Boulder's Quest to Municipalize -- From Independence Day to the Next Election

"Because today we live in a society in which spurious realities are manufactured by media, by governments, by big corporations, by religious groups, political groups... I ask, 'What is real?' Because we are bombarded with pseudo-realities manufactured by very sophisticated people using very sophisticated electronic mechanisms." -- Philip K. Dick

In novels dominated by monopolistic corporations, authoritarian governments, science fiction author Philip Dick influenced a generation of readers on sociological themes. Having died in 1982, how appalled would he be to know what powerful entities can now do with data sifting -- from governments knowing when a person is emailing terrorists, to a corporation such as Target discerning if a woman is pregnant and her likely due date with plans to mail her coupons for diapers thereby.

A bit less invasively, but with no less threat to our sovereignty, Boulder has been offered a "Trojan horse" charter amendment by a large monopoly interest aiming at our quest to create a local-control clean energy municipal utility. The ballot language amounts to a sandwich of policy-boloney with language extruded through corporate polling to give the aroma of voter rights and fiscal prudence, but it's actually loaded with civically inedible fake food that if passed can functionally, and perhaps only, overturn the election results of 2011 for municipalization.

Well thank you Xcel Energy for doing the polling and backing the ballot initiative. Did the company worry that an honest ballot question such as: "Shall Boulder nullify the 2011 election results for municipalization," would not pass? That would directly reveal the company as a meddler in our freedoms, so it would be better to beguile people into believing they could vote for a pie-in-the-sky scheme to enfranchise county residents who would be included in Boulder's utility service area. It's a toxic, phony-boloney additive -- if it's true that state law does not allow the creation of special districts for this purpose as told by proponents of municipalization. Also in the ballot language are debt limit procedures that would outrank TABOR for imposing hardship and more importantly would prevent Boulder from entering condemnation hearings (which the city can only enter with clear bonding authority). By a 4-point margin, voters approved that authority in 2011 in measure 2C, empowering Boulder to find the true price tag of municipalization. That's the big number that provides the big off-ramp, said former Mayor Susan Osborne at a recent presentation by Empower Our Future to the Camera's Editorial Advisory Board.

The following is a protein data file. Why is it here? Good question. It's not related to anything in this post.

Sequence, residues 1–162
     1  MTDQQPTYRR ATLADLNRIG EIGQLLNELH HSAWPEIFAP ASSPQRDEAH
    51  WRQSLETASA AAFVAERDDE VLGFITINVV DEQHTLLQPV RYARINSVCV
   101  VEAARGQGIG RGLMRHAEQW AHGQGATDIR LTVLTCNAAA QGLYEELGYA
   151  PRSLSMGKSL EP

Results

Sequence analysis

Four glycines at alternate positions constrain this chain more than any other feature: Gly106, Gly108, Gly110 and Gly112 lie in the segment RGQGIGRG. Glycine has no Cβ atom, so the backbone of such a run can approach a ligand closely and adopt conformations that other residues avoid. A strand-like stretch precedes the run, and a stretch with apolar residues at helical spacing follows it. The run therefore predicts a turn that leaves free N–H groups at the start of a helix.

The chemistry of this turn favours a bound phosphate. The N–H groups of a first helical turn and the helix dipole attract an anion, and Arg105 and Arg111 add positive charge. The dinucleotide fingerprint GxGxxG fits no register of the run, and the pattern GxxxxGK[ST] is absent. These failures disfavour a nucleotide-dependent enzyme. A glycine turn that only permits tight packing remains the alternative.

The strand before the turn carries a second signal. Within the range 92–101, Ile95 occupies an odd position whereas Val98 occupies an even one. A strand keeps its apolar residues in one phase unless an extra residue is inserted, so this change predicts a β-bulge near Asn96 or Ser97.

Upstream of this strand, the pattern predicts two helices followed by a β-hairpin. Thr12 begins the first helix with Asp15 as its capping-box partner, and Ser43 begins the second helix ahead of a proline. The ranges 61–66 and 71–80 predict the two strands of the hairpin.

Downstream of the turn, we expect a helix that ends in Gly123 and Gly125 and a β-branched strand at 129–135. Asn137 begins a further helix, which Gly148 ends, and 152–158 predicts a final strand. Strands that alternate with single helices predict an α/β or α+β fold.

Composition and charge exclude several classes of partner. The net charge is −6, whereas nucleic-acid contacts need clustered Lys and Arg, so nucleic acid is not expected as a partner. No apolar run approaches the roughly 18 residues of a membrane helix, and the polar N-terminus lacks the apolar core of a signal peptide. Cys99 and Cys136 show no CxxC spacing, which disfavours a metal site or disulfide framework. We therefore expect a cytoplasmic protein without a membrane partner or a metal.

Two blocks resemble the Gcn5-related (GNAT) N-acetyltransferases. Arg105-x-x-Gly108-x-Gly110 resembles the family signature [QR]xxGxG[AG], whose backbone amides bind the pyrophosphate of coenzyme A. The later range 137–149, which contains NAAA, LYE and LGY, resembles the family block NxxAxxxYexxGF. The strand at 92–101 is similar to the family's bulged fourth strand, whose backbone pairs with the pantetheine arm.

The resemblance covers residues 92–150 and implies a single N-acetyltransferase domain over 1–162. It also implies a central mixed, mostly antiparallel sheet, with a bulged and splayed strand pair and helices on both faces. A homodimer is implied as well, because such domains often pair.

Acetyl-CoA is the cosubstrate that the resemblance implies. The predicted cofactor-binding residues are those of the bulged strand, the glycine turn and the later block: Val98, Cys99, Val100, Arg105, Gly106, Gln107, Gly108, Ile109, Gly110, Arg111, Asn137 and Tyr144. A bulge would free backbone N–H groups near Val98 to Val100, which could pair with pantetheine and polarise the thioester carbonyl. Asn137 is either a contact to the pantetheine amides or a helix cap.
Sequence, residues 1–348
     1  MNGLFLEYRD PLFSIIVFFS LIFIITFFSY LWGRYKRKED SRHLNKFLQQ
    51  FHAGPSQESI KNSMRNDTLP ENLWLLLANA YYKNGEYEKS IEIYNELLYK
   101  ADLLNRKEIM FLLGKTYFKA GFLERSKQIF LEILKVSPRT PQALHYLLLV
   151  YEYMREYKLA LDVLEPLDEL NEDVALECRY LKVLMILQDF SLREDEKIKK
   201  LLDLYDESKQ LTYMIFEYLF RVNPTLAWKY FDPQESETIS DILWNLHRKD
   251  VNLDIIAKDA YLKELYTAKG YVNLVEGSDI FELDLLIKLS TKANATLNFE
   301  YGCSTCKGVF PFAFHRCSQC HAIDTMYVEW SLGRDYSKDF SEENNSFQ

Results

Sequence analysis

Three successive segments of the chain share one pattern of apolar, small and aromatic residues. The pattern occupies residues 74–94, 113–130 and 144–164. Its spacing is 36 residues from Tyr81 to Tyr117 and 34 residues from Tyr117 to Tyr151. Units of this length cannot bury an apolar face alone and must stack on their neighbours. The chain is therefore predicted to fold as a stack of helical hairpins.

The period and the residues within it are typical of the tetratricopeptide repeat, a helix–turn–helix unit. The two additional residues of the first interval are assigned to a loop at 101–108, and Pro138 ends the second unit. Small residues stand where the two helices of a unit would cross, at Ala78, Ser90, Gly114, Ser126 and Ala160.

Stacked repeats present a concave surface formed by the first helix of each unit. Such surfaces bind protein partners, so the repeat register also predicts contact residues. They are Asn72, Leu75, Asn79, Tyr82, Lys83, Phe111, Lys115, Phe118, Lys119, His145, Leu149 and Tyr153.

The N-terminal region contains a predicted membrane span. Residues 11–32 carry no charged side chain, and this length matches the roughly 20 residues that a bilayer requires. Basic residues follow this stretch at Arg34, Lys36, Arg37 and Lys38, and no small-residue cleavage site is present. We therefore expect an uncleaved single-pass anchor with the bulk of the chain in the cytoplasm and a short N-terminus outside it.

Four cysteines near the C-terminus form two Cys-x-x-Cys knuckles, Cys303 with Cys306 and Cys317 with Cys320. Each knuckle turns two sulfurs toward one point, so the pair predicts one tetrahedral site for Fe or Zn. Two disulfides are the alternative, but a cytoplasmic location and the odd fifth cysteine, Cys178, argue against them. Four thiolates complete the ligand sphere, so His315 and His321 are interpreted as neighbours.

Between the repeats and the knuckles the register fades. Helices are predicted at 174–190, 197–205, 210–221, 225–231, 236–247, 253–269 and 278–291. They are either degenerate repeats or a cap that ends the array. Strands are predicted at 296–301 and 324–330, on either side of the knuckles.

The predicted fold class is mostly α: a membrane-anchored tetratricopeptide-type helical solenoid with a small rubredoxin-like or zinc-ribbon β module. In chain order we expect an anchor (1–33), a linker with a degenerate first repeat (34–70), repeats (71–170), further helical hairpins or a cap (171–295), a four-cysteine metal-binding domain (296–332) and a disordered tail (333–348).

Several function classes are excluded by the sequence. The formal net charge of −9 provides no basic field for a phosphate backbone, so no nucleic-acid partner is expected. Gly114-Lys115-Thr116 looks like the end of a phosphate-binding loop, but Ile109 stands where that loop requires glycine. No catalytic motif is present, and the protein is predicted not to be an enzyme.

The debt limit and service area boundaries are fundamental to the ballot language and being two issues they drew official caution from City Clerk Alicia Lewis about breaking the "single subject" rule in the state's constitution. There's also the problem of the language unduly limiting voters' chance to vote only on odd years. This hoagie of fake food can -- and should -- draw legal challenges from the city or citizen groups, because it's not right to stand by as a moneyed interest mangles our electoral process for its commercial activity while cementing its already tremendous power.

Supporters for the "debt limit" question have submitted their petition signatures to the Clerk and if enough are confirmed as valid the item shall proceed to this fall's ballot. But those who support the ballot item should wonder if they want to back a policy bundle that can deprive people of a vote on their electric supply by killing Boulder's goal to bring utility governance within reach of city voters. The county rate payers to be included in Boulder's muni can probably never get a vote in its affairs (as is true with county users of municipal power of Fort Collins and Estes Park), but they could get representation through seats on the utility governing board, according to Sam Weaver in speaking to the Camera's Editorial Advisory Board. And that is a heck of a lot more representation than anyone has with Xcel and the Public Utilities Commission now.

On that note, and in honor of Independence Day, let's hear James Madison on large monopolies, the sort this nation was created to escape:

"Monopolies tho' in certain cases useful ought to be granted with caution, and guarded with strictness against abuse. In all cases... it would be well to reserve to the State a right to terminate the monopoly by paying a specified and reasonable sum. Perpetual monopolies of every sort are forbidden not only by the genius of free Governments but by the imperfection of human foresight." -- James Madison; Monopolies, Perpetuities, Corporations, Ecclesiastical Endowments